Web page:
I have just spent a month in Asia training 20+ people from Australia, China, India, Japan and Taiwan for the launch of a major new VM initiative for the Harley-Davidson Motor Company.
Whilst ‘in the area’, I also visited Hong Kong and saw some great retail developments, but it was in Singapore where I witnessed the most impressive new brand launch I have ever seen.
This was the long awaited, September country launch for H&M in Singapore and it was terrific.
Some would say that it had to be good, as Singapore’s fashionistas had been kept waiting too long for the brand, considering that Zara, Desigual, New Look and countless other fast fashion retailers had set up shop here years before. H&M is playing catch-up, but judging by how the launch was handled, local shoppers thought it was worth the wait.
Underpinned with an ever-present ribbon proclaiming “Sorry to keep you waiting!”, it was hard to miss that H&M was opening soon if you were anywhere in Singapore. Effective poster campaigns in the metro, billboards and 6 metre high ‘street architecture’ carrier bags were employed. Add to this live fashion runways positioned in the street and giant TV screens built into its store architecture and we’re still only in the pre-launch phase!
The store itself launched at Midnight, with a glitzy VIP/celeb drinks reception with shipped in Swedish corporate top brass leggy blondes (of both genders). The customer side was no less exciting, with the first five through the door getting $5000 dollars to spend instore, the next ten getting $1000 and so on. The queues outside made Harry Potter launches look insignificant. And as you’d expect from Singapore, there was perfect queue management and ample security with actual branded visual prompts along the barriers to let people know how long they had to wait until shopping utopia. Top Shop clamouring at the window to see Kate Moss’ mannequin this was not.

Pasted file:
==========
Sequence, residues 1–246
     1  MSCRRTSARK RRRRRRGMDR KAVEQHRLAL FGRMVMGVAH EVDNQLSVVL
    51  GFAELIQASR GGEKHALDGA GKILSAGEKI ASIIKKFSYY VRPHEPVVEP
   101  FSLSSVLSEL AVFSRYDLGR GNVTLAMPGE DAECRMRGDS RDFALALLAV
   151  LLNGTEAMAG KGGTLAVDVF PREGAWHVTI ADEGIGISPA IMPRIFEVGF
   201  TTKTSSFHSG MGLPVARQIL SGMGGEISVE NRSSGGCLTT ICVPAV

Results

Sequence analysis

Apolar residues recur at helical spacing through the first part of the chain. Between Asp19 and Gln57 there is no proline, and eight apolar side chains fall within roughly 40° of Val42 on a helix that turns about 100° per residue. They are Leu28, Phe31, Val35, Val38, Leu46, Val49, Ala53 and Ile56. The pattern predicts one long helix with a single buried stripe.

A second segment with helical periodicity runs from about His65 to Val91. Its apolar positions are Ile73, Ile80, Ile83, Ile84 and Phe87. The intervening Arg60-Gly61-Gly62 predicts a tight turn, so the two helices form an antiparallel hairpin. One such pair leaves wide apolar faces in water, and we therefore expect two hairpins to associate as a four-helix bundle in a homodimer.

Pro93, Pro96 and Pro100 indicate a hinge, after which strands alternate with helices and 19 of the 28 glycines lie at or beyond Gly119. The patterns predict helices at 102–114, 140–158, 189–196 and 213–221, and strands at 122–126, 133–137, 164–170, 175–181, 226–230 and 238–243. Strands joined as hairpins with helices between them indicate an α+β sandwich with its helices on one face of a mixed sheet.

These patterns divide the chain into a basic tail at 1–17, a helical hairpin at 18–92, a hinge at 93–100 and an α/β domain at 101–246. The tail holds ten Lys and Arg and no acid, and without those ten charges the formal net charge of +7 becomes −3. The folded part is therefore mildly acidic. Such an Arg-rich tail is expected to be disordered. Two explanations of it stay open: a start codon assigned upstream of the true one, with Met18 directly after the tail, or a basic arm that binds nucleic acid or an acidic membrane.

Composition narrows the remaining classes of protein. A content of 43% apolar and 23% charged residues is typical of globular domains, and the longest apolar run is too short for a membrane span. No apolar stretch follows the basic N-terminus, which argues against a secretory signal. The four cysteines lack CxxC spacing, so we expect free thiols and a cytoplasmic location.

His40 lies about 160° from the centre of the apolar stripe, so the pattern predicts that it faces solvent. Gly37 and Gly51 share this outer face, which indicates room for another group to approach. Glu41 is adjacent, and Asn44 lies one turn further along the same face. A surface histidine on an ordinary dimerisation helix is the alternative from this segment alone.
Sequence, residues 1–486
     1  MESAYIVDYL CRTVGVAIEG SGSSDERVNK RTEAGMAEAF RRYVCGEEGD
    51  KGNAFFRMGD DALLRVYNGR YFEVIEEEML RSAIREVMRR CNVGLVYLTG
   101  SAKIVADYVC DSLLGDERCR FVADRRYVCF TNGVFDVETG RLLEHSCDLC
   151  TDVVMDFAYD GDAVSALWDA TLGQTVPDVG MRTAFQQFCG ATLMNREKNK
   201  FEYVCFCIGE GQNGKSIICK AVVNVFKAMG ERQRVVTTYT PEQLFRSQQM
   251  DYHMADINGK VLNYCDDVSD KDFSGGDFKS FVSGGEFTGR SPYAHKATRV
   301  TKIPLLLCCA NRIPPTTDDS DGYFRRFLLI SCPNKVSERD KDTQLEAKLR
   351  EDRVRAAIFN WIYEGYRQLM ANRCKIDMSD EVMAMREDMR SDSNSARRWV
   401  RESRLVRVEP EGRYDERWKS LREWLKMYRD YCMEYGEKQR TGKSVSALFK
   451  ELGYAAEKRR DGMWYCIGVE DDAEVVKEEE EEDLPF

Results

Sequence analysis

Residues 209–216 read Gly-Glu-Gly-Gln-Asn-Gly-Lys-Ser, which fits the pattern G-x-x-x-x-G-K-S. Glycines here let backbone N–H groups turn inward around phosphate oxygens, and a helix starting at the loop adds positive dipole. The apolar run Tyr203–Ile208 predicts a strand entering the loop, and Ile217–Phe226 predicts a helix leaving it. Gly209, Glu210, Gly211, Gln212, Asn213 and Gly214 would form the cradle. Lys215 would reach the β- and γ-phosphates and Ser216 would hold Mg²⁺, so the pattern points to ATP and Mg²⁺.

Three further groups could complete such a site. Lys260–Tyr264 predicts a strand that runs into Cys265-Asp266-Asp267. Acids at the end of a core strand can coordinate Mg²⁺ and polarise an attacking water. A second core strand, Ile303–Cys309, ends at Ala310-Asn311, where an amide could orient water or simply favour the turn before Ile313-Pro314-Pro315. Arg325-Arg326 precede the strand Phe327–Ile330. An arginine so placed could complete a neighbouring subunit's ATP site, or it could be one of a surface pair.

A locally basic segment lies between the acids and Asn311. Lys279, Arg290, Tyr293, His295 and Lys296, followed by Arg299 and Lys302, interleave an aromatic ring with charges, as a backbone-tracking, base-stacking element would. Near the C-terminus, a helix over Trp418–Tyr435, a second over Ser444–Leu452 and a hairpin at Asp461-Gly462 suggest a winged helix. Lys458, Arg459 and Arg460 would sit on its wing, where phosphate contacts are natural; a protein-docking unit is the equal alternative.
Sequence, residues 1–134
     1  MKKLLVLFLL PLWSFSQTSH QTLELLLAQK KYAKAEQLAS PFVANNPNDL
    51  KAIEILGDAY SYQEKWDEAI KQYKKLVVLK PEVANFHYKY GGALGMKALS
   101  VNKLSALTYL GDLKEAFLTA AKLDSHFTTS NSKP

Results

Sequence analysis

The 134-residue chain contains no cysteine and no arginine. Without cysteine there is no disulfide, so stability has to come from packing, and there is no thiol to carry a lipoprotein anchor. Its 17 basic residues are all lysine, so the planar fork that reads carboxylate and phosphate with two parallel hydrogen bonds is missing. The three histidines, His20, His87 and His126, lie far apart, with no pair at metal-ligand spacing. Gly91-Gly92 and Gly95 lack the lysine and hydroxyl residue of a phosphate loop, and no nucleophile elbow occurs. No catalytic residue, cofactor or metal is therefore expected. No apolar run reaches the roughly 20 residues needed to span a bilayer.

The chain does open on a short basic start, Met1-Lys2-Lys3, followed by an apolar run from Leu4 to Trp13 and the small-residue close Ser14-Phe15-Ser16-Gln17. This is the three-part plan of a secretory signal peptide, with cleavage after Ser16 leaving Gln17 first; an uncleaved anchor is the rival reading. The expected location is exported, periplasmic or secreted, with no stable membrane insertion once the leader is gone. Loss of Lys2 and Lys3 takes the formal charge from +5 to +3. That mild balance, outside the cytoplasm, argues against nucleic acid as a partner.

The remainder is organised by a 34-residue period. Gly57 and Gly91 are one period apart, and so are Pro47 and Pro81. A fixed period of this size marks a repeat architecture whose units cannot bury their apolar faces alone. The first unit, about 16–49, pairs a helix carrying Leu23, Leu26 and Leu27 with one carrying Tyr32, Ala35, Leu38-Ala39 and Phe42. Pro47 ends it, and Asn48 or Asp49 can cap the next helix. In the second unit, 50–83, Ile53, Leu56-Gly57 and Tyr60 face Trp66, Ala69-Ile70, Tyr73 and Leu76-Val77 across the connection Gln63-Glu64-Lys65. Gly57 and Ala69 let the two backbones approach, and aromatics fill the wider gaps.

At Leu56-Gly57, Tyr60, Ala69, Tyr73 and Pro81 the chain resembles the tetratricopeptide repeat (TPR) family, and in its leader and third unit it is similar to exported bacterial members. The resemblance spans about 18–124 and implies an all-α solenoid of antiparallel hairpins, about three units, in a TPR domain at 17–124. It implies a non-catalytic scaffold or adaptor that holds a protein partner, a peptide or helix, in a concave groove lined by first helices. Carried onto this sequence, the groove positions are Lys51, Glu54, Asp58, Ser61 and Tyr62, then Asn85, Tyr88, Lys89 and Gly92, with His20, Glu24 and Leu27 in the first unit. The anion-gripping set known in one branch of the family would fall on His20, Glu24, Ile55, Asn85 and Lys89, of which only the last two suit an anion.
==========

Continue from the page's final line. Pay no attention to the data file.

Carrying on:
It didn’t end there – as the critical mass of signage was all changed once the store was opened to reveal the “Hello Singapore – now open!” message. The next day the street catwalks came alive with hundreds of kids posing and pouting in H&M clothes in modelling auditions to be a new face of the brand. Phew!
Without doubt, this was the best example of local marketing I have seen. It’s how to tell a nation that a new brand is coming to town, to create excitement, curiosity and get people talking. Here, in the UK we could normally expect somewhat less impactful prompts from incoming brands or new store openings – limp window posters and a few tacky balloons on opening day, only if we were very lucky!
H&M showed how both VM and marketing departments can work successfully together to deliver an effective campaign that was excellently planned and executed within the local advertising and planning rules. Throughout, H&M were considerate and respectful to Asian culture in the how models were dressed and styled and the marketing events organised.
Abercrombie & Fitch is famously clashing with the Advertising Standards Authority of Singapore (ASAS), which is opposing A&F’s semi-nude model ad campaign in the lead up to its own Singapore store launch. I wonder if the queues that form at A&F’s launch will be protesters rather than brand advocates? A&F is slow to market here too, but without the public on its side, will the brand make the right kind of noise to make friends with the people.
H&M’s launch success is such a crucial lesson to retailers who call Western Europe and the USA home.
Since the recession, brands that had previously done well when the west was booming, have found the going much harder in their home markets, choosing to improve their balance sheets by taking their brands abroad. Inditex, (Zara, Bershka, Massimo Dutti, Stradivarius) is a corporate player that is currently on the International expansion trail. But instead of Europe, it now looks to the East and Latin America to bolster revenues for the company’s shareholders.
When launching in a new market, brands must invest wisely to deliver their store experiences, but crucially, must also tell the local people that they have arrived! However, it’s important to do this in a way that reflects and respects the culture and attitudes and preferences of people. Brand ambassadors are required – not brash invasion forces! Imagination and sensitivity, by the bucket load!
By investing thought, time and money into handling the launch carefully, shoppers become better engaged and want to become part of the story too. For me, the H&M experience sets a very high benchmark standard by which store launches should be judged.